A recent economic study found that increasing highly active antiretroviral therapy (HAART) treatment for people with HIV/AIDS will provide significant cost savings over a relatively short period of time and help to prevent HIV transmission.
The analysis demonstrated that increasing HAART treatment coverage from the current estimated 50% to 75% of all clinically eligible British Columbians (HIV-infected individuals with CD4 cell counts below 350 cells/ul) would deliver a net benefit of US $900 million over 30 years.
The analysis of HAART coverage in British Columbia, published recently in AIDS, the official journal of the International AIDS Society, is the first comprehensive economic evaluation of the net benefit of HAART in the province.
HAART lowers viral load, stopping HIV from progressing to AIDS in individuals and helping to prevent HIV transmission. The study’s key finding shows that while expanding HAART use is cost-effective for individual patients, the benefits increase when HAART’s ability to prevent HIV transmission is considered.
The BC government recently invested in a $48 million, 4-year pilot project—the Seek and Treat program—in Prince George and Vancouver’s Downtown Eastside to extend HAART treatment to all people in medical need living with HIV.
The program will improve access to HIV/AIDS treatment and care among hard-to-reach populations. The Seek and Treat program is currently being evaluated as part of the BC Centre for Excellence in HIV/AIDS research program, Seek and Treat for the Optimal Prevention of HIV/AIDS (STOP HIV/AIDS).
A full copy of the study is available at www.cfenet.ubc.ca/our-work/initiatives/seek-and-treat.
Above is the information needed to cite this article in your paper or presentation. The International Committee
of Medical Journal Editors (ICMJE) recommends the following citation style, which is the now nearly universally
accepted citation style for scientific papers:
Halpern SD, Ubel PA, Caplan AL, Marion DW, Palmer AM, Schiding JK, et al. Solid-organ transplantation in HIV-infected patients. N Engl J Med. 2002;347:284-7.
About the ICMJE and citation styles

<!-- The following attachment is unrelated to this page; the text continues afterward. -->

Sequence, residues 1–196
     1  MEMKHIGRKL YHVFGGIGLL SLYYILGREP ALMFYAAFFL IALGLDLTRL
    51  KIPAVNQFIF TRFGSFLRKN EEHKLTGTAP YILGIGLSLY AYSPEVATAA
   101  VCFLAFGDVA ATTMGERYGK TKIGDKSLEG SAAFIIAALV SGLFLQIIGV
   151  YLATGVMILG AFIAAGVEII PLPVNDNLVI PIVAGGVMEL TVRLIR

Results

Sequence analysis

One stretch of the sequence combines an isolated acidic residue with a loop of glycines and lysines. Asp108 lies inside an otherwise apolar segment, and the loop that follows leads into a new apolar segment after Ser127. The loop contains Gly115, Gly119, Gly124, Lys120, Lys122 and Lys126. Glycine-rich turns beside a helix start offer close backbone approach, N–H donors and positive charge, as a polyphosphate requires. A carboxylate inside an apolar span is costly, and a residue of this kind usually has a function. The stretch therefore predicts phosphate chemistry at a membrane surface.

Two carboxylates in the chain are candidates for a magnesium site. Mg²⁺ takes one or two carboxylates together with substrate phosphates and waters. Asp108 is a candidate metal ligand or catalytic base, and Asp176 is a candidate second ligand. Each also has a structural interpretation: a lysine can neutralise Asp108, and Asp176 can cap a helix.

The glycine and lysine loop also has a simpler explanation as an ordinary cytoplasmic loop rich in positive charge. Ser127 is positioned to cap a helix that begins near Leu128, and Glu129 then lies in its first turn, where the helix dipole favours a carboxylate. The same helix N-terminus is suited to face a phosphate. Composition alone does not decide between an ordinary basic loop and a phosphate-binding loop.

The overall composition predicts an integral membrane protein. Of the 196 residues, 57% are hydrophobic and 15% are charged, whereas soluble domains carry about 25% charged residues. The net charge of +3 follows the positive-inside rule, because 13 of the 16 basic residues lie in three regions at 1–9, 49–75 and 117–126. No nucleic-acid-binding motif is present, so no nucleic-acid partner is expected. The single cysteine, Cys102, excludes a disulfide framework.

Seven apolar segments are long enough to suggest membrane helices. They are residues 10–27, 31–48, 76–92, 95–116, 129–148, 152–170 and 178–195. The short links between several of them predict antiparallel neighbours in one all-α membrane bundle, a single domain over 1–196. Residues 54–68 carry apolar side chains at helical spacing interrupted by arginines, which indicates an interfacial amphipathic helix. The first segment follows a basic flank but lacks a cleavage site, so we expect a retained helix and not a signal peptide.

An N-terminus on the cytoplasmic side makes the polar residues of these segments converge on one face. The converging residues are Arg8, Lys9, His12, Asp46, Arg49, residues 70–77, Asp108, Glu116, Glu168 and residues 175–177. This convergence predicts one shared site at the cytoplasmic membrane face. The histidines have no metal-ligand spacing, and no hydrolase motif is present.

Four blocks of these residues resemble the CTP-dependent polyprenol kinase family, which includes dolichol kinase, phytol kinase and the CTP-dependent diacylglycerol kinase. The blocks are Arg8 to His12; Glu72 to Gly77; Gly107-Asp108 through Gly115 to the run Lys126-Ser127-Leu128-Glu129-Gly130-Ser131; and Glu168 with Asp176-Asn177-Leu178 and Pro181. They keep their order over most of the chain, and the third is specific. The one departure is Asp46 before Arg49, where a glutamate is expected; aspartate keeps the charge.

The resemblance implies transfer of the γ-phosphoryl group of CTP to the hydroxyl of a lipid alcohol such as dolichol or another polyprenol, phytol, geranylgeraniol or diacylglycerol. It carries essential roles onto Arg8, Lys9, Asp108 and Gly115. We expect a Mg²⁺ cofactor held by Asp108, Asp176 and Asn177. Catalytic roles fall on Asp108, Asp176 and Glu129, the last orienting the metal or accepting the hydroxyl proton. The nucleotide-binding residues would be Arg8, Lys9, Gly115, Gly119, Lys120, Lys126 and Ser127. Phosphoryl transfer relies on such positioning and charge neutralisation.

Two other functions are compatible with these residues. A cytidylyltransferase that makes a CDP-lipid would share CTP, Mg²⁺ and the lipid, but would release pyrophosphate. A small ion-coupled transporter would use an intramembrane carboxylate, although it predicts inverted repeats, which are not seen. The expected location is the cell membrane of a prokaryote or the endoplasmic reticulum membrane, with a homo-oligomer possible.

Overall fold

The ICMJE is small group of editors of general medical journals who first met informally in Vancouver, British Columbia, in 1978 to establish guidelines for the format of manuscripts submitted to their journals. The group became known as the Vancouver Group. Its requirements for manuscripts, including formats for bibliographic references developed by the U.S. National Library of Medicine (NLM), were first published in 1979. The Vancouver Group expanded and evolved into the International Committee of Medical Journal Editors (ICMJE), which meets annually. The ICMJE created the Recommendations for the Conduct, Reporting, Editing, and Publication of Scholarly Work in Medical Journals to help authors and editors create and distribute accurate, clear, easily accessible reports of biomedical studies.
An alternate version of ICMJE style is to additionally list the month an issue number, but since most journals use continuous pagination, the shorter form provides sufficient information to locate the reference. The NLM now lists all authors.
BCMJ standard citation style is a slight modification of the ICMJE/NLM style, as follows:
- Only the first three authors are listed, followed by "et al."
- There is no period after the journal name.
- Page numbers are not abbreviated.
For more information on the ICMJE Recommendations for the Conduct, Reporting, Editing, and Publication of Scholarly Work in Medical Journals, visit www.icmje.org